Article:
In a recent ruling that sent shockwaves across the nation, the Supreme Court dealt a devastating blow to the progress of equality and social justice by gutting affirmative action. As an ardent believer in the power of affirmative action to rectify historical inequities, it is disheartening to witness what I believe is the court's short-sighted decision.
In a recent article by Shirin Ali, a graduate student at Northwestern University, it was eloquently pointed out that the Supreme Court’s ruling may have inadvertently highlighted another controversial admissions program that may consequently also need to be dismantled – legacy admissions for wealthy donors’ family members and alumni. The article cites that nearly 70 percent of Harvard’s donor-related and legacy applicants are white. The complaint against legacy admissions is that it will also need to be undone unless institutions can provide an adequate justification for them – besides the ability to purchase a spot in the institution.
Affirmative action has resulted in a more inclusive society by enabling marginalized individuals to access higher education and thrive in their chosen fields. It has fostered diverse perspectives, bolstered creativity, and challenged the status quo, ultimately benefiting society as a whole. Abandoning these principles will only perpetuate a society entrenched in inequality.
Furthermore, by dismantling this crucial policy, the Supreme Court has turned a blind eye to the persistent barriers faced by minority communities. Affirmative action is not a handout; it is a necessary mechanism to dismantle systemic discrimination that continues to plague our society.
Several years ago, Community Action created a program called Generation Next. GenNext critics argue that affirmative action perpetuates reverse discrimination. However, this perspective fails to acknowledge the broader context and the pressing need for redress. Affirmative action seeks to rectify deeply rooted disparities by creating equitable opportunities for historically marginalized groups. It does not discriminate against any particular race or group but instead strives to foster inclusivity.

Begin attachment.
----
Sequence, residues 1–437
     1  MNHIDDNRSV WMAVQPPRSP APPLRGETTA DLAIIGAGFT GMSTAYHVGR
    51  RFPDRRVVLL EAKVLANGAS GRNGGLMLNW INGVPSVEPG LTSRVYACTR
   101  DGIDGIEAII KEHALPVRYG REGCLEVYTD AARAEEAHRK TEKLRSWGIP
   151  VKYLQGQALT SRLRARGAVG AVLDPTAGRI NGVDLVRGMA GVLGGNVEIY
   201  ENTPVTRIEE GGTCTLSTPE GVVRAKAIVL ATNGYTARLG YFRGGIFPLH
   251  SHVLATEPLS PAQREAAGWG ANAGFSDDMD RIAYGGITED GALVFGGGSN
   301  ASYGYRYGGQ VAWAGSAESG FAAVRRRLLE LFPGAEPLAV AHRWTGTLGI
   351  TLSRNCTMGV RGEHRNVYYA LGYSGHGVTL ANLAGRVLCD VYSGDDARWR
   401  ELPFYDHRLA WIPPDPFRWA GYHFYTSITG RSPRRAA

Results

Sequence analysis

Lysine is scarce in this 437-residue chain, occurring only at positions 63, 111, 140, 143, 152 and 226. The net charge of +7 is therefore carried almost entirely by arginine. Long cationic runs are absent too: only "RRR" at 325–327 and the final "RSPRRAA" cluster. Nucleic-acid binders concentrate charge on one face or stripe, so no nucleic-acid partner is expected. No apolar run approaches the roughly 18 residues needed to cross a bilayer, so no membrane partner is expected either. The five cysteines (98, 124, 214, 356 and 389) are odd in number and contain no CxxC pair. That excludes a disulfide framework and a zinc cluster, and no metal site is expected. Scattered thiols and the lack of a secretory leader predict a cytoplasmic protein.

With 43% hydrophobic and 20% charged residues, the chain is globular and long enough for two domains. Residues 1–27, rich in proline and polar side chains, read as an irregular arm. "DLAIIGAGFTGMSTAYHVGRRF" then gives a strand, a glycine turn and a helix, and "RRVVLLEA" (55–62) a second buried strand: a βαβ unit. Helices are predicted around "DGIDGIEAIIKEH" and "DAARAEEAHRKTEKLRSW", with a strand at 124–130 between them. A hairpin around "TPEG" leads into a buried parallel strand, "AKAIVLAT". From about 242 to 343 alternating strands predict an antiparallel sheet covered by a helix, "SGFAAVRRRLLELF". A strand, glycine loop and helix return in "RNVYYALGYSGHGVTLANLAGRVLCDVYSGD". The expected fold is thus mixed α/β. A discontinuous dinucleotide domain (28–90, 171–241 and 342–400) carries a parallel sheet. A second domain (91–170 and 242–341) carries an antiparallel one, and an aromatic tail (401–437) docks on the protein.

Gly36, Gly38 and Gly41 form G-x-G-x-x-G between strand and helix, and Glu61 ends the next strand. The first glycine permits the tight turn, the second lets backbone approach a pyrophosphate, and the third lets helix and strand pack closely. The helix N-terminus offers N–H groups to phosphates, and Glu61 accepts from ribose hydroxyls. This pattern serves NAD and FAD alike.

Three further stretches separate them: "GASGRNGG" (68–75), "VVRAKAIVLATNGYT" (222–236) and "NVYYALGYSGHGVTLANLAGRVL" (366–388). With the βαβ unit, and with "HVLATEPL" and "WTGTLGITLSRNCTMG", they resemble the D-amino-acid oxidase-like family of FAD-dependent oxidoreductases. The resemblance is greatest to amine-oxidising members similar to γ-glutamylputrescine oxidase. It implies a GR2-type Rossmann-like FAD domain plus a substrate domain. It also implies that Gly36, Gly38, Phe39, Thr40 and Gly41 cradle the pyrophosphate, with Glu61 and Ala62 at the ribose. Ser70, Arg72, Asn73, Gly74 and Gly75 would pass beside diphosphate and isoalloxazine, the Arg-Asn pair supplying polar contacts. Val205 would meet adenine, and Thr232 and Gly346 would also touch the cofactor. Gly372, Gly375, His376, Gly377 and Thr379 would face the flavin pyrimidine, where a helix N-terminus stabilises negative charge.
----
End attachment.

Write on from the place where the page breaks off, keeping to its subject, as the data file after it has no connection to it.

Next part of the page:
It is crucial for our society to confront its historical injustices and strive for a more equitable future. The Supreme Court's decision to gut affirmative action undermines this crucial pursuit. We must continue the fight to ensure equal access to education and employment for all individuals, regardless of their background. Only then can we build a society where everyone has an equal chance to thrive and contribute their unique perspectives to our collective progress.
In a time where diversity and inclusivity should be embraced and celebrated, we cannot afford to abandon the principles of affirmative action. The Supreme Court's ruling is a regressive step backward, jeopardizing the strides we have made in creating a fair and just society. Let us remember the fundamental values that define our nation and work tirelessly to preserve equity for all.
Executive Director, Community Action Lehigh Valley